Maryville University has been able to keep up with key tech trends through shifting their courses to be more digital oriented, as shown through their Cyber Fusion Center and online degrees. Today, Maryville University’s online cybersecurity degree program continues to train more professionals to meet the ever growing demand, and they are able to do so through innovations like the Cyber Fusion Center. This is a key reason why the school was named an Apple Distinguished School, which means students are able to access a vast library of material through their iPads and computers. With emerging tech institutions and universities being increasingly reliant on the web, more can follow suit to better provide support in developing the digital infrastructures and libraries needed for making online education more widespread.
This refers to the different methods with which libraries can digitize their inventories and optimize knowledge distribution to the public. Even outside of library systems, this presents many economic opportunities for different players and industries around the world. Market predictions cited by Business Wire show how the global library automation systems and services market is poised to balloon to over $1.3 billion by 2025. Apart from public and private libraries, the world’s fastest-growing economies are increasingly investing in library automation technology. This will exponentially improve library automation, and also lead to such technologies being more affordable in the future, which is good news for publicly funded libraries.
Community building technologies
The very point of upgrading library tech is to support the communities that rely on today’s public and private hubs for information. Library staff and administrators should not only look to internal improvements using emerging technologies, but also tech-based additions that can allow libraries to function as venues for community interaction. In Aarhus, Denmark, Dokk1 is a prime example of how libraries can and should be functioning as community centers as well. Apart from the large availability of public computers with Internet access, Dokk1’s facilities include a municipal service center which offers various services to the public including library registration and passport renewal.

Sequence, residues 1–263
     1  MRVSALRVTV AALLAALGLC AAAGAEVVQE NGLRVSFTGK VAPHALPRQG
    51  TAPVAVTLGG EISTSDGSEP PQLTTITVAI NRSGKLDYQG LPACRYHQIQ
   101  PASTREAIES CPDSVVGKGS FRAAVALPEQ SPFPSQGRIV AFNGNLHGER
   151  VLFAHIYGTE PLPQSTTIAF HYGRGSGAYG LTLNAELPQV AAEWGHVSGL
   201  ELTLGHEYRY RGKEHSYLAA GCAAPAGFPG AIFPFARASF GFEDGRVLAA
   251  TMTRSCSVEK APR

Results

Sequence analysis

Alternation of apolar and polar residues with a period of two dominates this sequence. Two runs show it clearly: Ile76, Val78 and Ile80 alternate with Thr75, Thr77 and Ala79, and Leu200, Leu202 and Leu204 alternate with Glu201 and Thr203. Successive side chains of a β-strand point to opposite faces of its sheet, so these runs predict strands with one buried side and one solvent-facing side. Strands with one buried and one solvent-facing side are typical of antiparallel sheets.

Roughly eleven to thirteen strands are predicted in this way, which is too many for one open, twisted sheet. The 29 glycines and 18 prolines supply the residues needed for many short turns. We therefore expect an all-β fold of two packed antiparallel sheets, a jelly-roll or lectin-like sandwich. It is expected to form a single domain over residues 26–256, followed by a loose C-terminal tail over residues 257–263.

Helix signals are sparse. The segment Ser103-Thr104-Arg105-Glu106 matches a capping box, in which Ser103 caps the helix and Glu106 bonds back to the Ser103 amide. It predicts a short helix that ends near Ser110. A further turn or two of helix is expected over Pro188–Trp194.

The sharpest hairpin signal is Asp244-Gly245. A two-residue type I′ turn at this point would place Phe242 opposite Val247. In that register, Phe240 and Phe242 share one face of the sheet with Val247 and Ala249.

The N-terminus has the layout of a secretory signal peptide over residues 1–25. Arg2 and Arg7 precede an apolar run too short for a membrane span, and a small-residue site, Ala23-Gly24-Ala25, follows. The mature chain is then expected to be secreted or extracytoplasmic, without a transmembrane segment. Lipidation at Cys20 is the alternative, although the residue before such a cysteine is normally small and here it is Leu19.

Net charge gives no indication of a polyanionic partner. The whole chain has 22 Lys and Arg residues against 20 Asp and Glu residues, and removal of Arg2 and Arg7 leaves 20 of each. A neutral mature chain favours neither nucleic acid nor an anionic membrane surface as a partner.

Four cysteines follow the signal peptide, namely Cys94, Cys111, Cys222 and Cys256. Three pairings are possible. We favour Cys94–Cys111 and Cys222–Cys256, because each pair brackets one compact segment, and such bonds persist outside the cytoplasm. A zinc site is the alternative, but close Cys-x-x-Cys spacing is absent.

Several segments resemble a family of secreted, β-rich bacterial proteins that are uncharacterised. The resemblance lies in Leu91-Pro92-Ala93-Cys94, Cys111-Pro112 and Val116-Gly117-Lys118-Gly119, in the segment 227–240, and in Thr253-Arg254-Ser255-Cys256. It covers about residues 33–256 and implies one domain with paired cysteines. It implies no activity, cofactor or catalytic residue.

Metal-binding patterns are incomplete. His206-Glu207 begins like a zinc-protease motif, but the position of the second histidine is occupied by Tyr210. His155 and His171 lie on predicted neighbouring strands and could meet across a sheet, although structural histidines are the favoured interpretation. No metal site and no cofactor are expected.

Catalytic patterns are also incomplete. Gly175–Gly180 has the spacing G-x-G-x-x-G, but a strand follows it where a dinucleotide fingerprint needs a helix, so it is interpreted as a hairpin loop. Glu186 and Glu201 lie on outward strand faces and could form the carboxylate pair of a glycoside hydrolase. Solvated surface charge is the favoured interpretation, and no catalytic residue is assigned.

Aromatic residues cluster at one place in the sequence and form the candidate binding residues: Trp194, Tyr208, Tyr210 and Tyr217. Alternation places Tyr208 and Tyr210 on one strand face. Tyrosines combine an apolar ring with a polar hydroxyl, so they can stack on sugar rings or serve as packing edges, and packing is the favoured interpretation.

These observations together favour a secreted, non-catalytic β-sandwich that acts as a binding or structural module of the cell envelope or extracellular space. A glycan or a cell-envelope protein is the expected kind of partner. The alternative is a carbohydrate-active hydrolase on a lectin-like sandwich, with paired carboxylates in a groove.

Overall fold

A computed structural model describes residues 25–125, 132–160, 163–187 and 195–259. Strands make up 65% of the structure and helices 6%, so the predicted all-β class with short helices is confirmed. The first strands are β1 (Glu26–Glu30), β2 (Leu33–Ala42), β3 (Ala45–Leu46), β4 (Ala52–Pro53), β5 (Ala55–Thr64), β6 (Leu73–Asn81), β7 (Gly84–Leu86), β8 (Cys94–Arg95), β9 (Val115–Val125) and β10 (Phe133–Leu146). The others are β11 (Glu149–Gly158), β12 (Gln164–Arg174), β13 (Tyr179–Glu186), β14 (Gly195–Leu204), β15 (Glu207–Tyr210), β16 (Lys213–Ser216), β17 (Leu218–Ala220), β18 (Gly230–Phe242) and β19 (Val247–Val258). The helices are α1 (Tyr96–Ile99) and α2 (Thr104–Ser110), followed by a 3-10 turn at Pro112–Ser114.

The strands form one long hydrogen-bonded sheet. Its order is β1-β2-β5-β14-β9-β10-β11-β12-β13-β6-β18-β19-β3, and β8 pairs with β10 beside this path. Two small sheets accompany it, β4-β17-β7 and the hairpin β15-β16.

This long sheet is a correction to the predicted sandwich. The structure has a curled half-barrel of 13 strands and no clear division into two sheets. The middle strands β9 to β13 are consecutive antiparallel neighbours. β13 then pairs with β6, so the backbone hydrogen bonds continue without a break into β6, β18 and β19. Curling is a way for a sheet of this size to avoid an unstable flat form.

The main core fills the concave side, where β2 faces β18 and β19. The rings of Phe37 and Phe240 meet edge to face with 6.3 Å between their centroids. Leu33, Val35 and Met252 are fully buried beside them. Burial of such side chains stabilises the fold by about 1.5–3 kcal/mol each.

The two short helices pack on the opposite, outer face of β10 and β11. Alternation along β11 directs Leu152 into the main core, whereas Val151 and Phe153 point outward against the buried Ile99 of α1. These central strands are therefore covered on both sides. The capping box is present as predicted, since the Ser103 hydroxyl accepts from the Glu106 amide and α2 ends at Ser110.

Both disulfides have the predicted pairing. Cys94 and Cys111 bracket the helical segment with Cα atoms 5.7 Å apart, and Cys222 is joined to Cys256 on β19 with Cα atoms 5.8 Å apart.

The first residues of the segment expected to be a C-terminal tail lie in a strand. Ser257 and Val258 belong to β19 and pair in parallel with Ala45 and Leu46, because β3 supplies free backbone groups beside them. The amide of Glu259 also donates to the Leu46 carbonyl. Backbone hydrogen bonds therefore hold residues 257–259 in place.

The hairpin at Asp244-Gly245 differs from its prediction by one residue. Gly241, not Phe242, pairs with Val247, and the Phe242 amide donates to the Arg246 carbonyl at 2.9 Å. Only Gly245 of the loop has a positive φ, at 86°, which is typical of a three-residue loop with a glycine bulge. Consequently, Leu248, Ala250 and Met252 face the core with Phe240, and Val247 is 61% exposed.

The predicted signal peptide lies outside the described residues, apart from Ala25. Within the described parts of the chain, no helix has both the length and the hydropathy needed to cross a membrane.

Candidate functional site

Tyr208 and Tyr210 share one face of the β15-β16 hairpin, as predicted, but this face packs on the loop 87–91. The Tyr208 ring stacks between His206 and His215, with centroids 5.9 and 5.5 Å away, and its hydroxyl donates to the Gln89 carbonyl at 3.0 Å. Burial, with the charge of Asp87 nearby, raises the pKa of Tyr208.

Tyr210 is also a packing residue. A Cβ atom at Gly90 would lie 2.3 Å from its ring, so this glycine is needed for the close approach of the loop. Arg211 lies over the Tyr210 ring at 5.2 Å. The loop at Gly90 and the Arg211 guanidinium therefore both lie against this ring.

Technology for the community
In short, any new tech trend has the potential to improve today’s public and private libraries. From shared public printing technologies and the basic wiring infrastructure for digitization, to collaborative online technologies and library automation systems, the new tech trends adopted by modern libraries should be aimed at community building and development. And with the rapid evolution of these technologies, we can expect the libraries of the future to be increasingly digitized, more accessible, and friendlier to the typical readers worldwide.
We will be back next week with another interesting article from the library world!